GBS body only & since Nov?

April 14, 2011 at 7:12 pm


You have asked difficult questions for a difficult case.

Consider these factors from the U.S. National Institutes of Health (NIH):

“[I]The signs and symptoms of the syndrome can be quite varied, so doctors may, on rare occasions, find it difficult to diagnose Guillain-Barré in its earliest stages.

1. The first symptoms of this disorder include varying degrees of weakness or tingling sensations in the legs. In many instances the weakness and abnormal sensations spread to the arms and upper body.

2. Most people reach the stage of greatest weakness within the first 2 weeks after symptoms appear, and by the third week of the illness 90 percent of all patients are at their weakest.

3. Because the signals to and from the arms and legs must travel the longest distances they are most vulnerable to interruption. Therefore, muscle weakness and tingling sensations usually first appear in the hands and feet and progress upwards.

4. In Guillain-Barré, reflexes such as knee jerks are usually lost.

5. In Guillain-Barré patients, the cerebrospinal fluid that bathes the spinal cord and brain contains more protein than usual. Therefore a physician may decide to perform a spinal tap, a procedure in which the doctor inserts a needle into the patient’s lower back to draw cerebrospinal fluid from the spinal column. [/I]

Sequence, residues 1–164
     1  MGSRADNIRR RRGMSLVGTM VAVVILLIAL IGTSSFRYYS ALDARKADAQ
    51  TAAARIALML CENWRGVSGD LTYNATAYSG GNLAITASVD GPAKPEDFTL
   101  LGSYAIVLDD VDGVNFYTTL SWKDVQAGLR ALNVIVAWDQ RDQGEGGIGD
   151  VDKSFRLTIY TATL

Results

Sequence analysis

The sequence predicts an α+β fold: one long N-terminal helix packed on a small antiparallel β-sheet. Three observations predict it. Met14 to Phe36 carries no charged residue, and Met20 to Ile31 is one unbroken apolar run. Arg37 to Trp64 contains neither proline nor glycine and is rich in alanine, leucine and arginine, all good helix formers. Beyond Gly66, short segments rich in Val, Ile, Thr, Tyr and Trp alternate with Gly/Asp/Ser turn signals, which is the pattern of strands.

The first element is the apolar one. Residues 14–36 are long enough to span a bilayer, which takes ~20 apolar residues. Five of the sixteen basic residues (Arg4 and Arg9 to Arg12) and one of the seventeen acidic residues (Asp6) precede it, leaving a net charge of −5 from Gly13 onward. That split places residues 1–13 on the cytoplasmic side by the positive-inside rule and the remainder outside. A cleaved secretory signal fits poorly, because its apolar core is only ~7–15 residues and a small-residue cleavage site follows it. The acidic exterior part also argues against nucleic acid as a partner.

Finally, “[I]Several disorders have symptoms similar to those found in Guillain-Barré, so doctors examine and question patients carefully before making a diagnosis. Collectively, the signs and symptoms form a certain pattern that helps doctors differentiate Guillain-Barré from other disorders.[/I]”

The ‘funny feelings’ in the legs as a first sign seems to be an unequivocal diagnostic tool, as does the rapidity of the symptoms.

Consider how long from first symptoms to absolute worse. Of course 10%, or more of patients, don’t fit these guidelines. But, if he does than forse è così. (maybe it is so)